The Bengals rode the Wayback Machine on Sunday, all the way to last season. Grumble about the tactics, if you want. The win looks the same. You say the offense looks dysfunctional. The victory says the offense was patient. You say Carson Palmer isn't using his new toys. The win says too much playtime isn't good for the bottom line. At least we can agree on the defense. The defense was magnificent.
Having coached defense in Baltimore and faced the Ravens too many times to count as Bengals coach, Marvin Lewis knows how to beat Baltimore. So does Palmer, who has beaten the Ravens nine times in 12 tries.
This is how: You keep their defense from taking your ball. You don't force the action, for the same reason a boxer doesn't slug it up with a puncher. The Ravens make an interception, recover a fumble, Ray Lewis starts sounding like a church deacon halfway between fire and brimstone and before you know it, Baltimore has suckered you into a standing-eight count.
No, what you do is grind on offense, take what you can get and let your defense assert itself.
Put in simpler terms: The Bengals 15-10 win happened because the defense was all world, and the offense didn't screw it up.
"I wish it was 100 percent perfect, but it wasn't," suggested Marvin Lewis, who then proceeded to discuss the offense. Well, OK. There is only one Mona Lisa. And perfection left the house when Derrick Mason caught a 31-yard bomb from Joe Flacco, for Baltimore's only TD.
But other than that?
Flacco knows what it's like to throw footballs in a phone booth. His receivers understand how difficult it can be to catch a pass with defensive backs clinging to them like Saran wrap.
"Other than the TD, I didn't see anyone open all day," I suggested to Adam Jones.
"That's a compliment," said Jones. "I hope you tell Zim that."
That would be Mike Zimmer, defensive coordinator, who regained his stripes Sunday, after a befuddling loss at New England. For whatever reasons, stung pride among them, the Bengals defenders were on it Sunday, all day. Film study success was obvious; the Bengals seemed to know the Ravens receivers routes as well as the receivers.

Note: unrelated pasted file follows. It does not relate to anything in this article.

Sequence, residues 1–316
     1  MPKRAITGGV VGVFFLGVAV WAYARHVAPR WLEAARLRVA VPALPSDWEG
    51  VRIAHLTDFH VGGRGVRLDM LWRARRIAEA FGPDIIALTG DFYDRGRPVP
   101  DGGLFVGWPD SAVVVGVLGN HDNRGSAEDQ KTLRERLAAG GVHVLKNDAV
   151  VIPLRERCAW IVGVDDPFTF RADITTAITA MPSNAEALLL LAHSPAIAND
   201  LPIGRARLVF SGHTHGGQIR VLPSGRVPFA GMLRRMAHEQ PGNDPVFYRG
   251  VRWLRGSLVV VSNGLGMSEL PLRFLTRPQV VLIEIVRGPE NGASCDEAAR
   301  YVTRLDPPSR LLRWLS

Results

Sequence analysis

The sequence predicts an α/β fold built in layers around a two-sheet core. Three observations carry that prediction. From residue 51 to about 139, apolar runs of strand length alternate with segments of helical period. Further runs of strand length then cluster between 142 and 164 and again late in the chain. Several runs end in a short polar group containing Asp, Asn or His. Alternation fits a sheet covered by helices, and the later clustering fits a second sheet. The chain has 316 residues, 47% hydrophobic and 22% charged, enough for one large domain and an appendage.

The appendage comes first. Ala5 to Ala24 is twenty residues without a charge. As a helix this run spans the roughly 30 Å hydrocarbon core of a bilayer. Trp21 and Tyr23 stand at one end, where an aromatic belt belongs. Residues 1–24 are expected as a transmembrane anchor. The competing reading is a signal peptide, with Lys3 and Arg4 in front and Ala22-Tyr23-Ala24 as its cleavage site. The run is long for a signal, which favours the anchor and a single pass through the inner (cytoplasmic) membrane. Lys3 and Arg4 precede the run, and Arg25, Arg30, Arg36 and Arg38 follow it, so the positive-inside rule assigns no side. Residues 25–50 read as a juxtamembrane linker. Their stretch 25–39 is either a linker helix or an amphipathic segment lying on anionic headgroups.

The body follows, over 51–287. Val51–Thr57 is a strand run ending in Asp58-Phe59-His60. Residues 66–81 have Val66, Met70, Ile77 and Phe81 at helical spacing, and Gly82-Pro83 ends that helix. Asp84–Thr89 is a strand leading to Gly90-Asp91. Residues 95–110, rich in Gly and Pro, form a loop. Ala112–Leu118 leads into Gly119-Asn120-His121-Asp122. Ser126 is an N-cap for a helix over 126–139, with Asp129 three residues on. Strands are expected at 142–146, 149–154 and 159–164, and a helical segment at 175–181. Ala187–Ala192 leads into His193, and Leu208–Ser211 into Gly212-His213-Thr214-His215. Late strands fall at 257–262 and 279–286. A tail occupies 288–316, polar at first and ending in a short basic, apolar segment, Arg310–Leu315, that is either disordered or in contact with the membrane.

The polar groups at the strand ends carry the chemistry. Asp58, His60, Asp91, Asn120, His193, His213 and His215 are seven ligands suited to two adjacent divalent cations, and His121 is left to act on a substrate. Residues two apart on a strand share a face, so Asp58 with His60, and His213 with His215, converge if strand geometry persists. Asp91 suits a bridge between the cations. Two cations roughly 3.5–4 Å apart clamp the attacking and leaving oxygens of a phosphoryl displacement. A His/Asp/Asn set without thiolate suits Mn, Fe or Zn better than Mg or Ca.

The Bengals also played with an aggression that lacked last week. "Without a seat belt," Jones said. Some said it was because Zimmer cut back on the book work this week. Athletes are better when they react than when they think.
"We were comfortable this week," was how safety Chris Crocker put it. "We've played these guys a lot. We know what to do. No trickery. What they saw was what they got."
It would be instructive to cite chapter and verse here, but the whole game was played that way. The numbers will suggest Joe Flacco was awful ÃÆÃâÃâÃâ one TD pass, four interceptions, a QB Rating of 23.8. But he didn't have much choice. Awful was what the Bengals had in mind for him. And unlike last week, they delivered.
"Zim put together a perfectly designed game plan," Dhani Jones said.
Meantime, Palmer's offense plodded. For the second week in a row, it faced a young, mediocre secondary. Also for the second straight week, not much resulted on the scoreboard. Five field goals, two of them thanks to turnovers. Four false starts, a couple dropped passes, one wide-open-in-the-end zone Chad Ochocinco who wasn't found. Had the Ravens discovered the end zone once more, anti-Nine rants would be filling the airwaves all week.
Even Palmer fights frustration. "I'm frustrated right now," he said, postgame. "But you can't let it get to you. You can't try to fit the ball into a certain hole, just to get a receiver going. You've got to play a field position game" against Baltimore. "You have to settle, be OK with field goals."]
And believe your defense can play the way it did Sunday.
The Bengals get a schedule breather the next three weeks, and a bye after that. Winning one of the first two was critical, given the schedule after the next month. The next three games are eminently winnable — at Carolina and Cleveland, at home with Tampa. A 4-1 start would be a nice seat belt for the rough road beyond.
Meantime, Sunday put the bus back on the road. A smart, tough win, if not sexy at all. Sounds like most Bengals-Ravens games.